Of course, we don’t all stum­ble around, con­stant­ly swal­low­ing what­ev­er half-baked sto­ry we come across. So what are the con­di­tions that lead us to ques­tion the accu­ra­cy of what we hear? 

In one of Rapp’s stud­ies, he has two peo­ple work togeth­er to mem­o­rize a list of, say, birds. After the pair has stud­ied the list for a while, they’re asked to take turns remem­ber­ing the items on that list out loud, one at a time, like this: 





LOVE: But there’s a catch. One of the par­tic­i­pants has been secret­ly coached ahead of time to occa­sion­al­ly say an item that wasn’t on the list. 

RAPP: So they might say, chick­en,” which nev­er actu­al­ly was in the list. 

LOVE: Then, the true study par­tic­i­pant — the one not feed­ing false answers — is instruct­ed to write down every­thing they remem­ber see­ing in the orig­i­nal list. 

RAPP: And they’ll acci­den­tal­ly report the incor­rect thing that their part­ner said even though they nev­er saw it before, and they’ll report that they actu­al­ly saw that item. 

LOVE: But this effect dis­ap­pears if the par­tic­i­pant thinks that the oth­er per­son isn’t a reli­able source. 

If the guy who says chick­en” seems hes­i­tant and uncer­tain about what he remem­bers, you’re not going to repeat the false claim that chick­en” was on the list of words you mem­o­rized together. 

But in our day-to-day lives, we don’t always get these kinds of clues. Behind a slick web­site, every­one can seem equal­ly con­fi­dent. What we don’t know, Rapp says, is how peo­ple deter­mine whether a news out­let is trustworthy. 

RAPP: I think there needs to be more work look­ing at what hap­pens when peo­ple are sit­ting at their com­put­ers and mak­ing deci­sions, what leads them to decide, I should do a lit­tle extra work to fig­ure out if this source is reli­able or not.” 

LOVE: In the mean­time, he says there’s anoth­er way to pre­vent peo­ple from repeat­ing inac­cu­rate infor­ma­tion: Ask them to active­ly cor­rect it. 

RAPP: We’ve shown in our lab that if you ask peo­ple when they’re read­ing to actu­al­ly proof­read the infor­ma­tion and make cor­rec­tions to the con­tent, they’re less like­ly to use the inac­cu­rate information. 

LOVE: In oth­er words, when we’re put into a sit­u­a­tion where we need to crit­i­cal­ly eval­u­ate what we read, it makes a difference. 

There’s just one prob­lem. When’s the last time you print­ed out an arti­cle from the Inter­net and reviewed it with a red pen­cil in your hand? 

[music inter­lude]

LOVE: Now let’s switch to a dif­fer­ent def­i­n­i­tion of fake news,” the one peo­ple use when they dis­trust a par­tic­u­lar media out­let. What can rep­utable jour­nal­ists do to con­vince their audi­ence that they are not, in fact, fake news? 

Rachel Davis MERSEY: One of the great things about being a reporter is, you know a lot. You know a lot about con­text. You’ve thought about things deeply. Espe­cial­ly the best polit­i­cal reporters real­ly can think through con­se­quences in a way that the aver­age cit­i­zen, maybe, doesn’t have the time or lux­u­ry to do. 

LOVE: That’s Rachel Davis Mersey, an asso­ciate pro­fes­sor of jour­nal­ism at Northwestern’s Medill School. 

She says that jour­nal­ists are, indeed, well posi­tioned to pro­vide accu­rate infor­ma­tion. But at a time when peo­ple are more con­cerned than ever about the spread of mis­in­for­ma­tion, the tra­di­tion­al ways of report­ing and pre­sent­ing news may need to be revisited.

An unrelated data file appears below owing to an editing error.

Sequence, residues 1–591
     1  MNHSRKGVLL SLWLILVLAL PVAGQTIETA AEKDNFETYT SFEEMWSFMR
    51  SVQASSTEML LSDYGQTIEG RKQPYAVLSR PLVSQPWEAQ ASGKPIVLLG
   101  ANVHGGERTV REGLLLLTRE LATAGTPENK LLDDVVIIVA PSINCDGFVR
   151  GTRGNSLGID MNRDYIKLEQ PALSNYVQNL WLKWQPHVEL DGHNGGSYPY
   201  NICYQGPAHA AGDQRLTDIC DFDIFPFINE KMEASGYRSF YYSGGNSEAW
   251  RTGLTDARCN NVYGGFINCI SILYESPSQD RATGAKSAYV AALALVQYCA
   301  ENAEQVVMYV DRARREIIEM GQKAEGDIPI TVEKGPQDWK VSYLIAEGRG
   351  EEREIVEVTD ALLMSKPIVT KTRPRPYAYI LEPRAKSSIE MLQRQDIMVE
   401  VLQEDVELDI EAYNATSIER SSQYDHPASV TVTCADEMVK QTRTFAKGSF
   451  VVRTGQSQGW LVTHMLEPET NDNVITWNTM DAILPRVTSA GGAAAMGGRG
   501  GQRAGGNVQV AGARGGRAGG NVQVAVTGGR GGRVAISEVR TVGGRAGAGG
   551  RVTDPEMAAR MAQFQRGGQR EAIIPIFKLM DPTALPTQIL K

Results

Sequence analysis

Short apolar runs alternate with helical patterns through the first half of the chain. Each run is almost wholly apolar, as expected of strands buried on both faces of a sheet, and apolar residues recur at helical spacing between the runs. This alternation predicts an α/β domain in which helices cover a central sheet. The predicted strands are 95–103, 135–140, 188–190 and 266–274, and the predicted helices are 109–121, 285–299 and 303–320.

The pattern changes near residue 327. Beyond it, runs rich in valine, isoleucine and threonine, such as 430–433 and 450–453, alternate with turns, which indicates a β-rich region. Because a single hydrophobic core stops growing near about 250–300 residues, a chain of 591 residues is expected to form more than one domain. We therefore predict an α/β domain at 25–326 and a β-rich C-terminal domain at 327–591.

MERSEY: I’m real­ly implor­ing the news busi­ness to think about trans­paren­cy, to think about how the news is gath­ered, to talk more with audi­ences about how the news is gath­ered, how the news is report­ed, and to engage in more thought­ful sto­ry­telling about all the aspects of a narrative. 

LOVE: One spe­cif­ic place to start: the use of anony­mous sources. And let’s be clear: anony­mous sources can serve a real­ly impor­tant role, pro­vid­ing infor­ma­tion that jour­nal­ists can’t get any oth­er way — think of what Deepthroat did to help break the Water­gate sto­ry. But, they still don’t inspire a lot of confidence. 

MERSEY: The audi­ence seems very uncom­fort­able with anony­mous sourc­ing, yet we see great news orga­ni­za­tions ram­pant­ly using it, and sort of using it almost flip­pant­ly. The great exam­ple they used was, Pres­i­dent Trump retreats to the pri­vate res­i­dence and puts on a bathrobe, but he’s all alone.” Well, then, how do you know he’s in a bathrobe? How do you val­i­date anony­mous sources? How does that make some­one feel con­fi­dent about the sto­ry? And then how does that build trust? The truth is, it doesn’t.

LOVE: Audi­ence trust can also take a hit when a media out­let makes an error. Often, it’s not so much about the error itself but the way the out­let han­dles it that does the most damage. 

MERSEY: Mis­takes will hap­pen and mis­takes need to be cor­rect­ed, and they need to be cor­rect­ed in a bold way, not secret­ly on the sec­ond page of the news­pa­per. Peo­ple need to accept respon­si­bil­i­ty for the mistakes. 

LOVE: But even when a news out­let does have a rep­u­ta­tion for being pret­ty trans­par­ent about its sources or its mis­takes, it’s not always easy for audi­ences to tell whether the infor­ma­tion they’re get­ting is actu­al­ly from that outlet. 

Take imposter” or spoof” sites — which are made to look like estab­lished news sites, like CNN or ABC. They might have sim­i­lar names, col­ors, or logos. They may even have sim­i­lar URLs. But they’re actu­al­ly run by some­one else entire­ly. This can be real­ly confusing. 

Even some com­mon prac­tices by legit­i­mate orga­ni­za­tions can leave audi­ences uncer­tain who is behind the infor­ma­tion they find. Like host­ing spon­sored con­tent” where adver­tise­ments resem­ble actu­al articles. 

MERSEY: Just because it’s in The New York Times doesn’t mean it was writ­ten by The New York Times, so it could be adver­tis­ing that blends in. It could be a pro­mo­tion for some­thing else, an affil­i­at­ed prod­uct The New York Times is selling.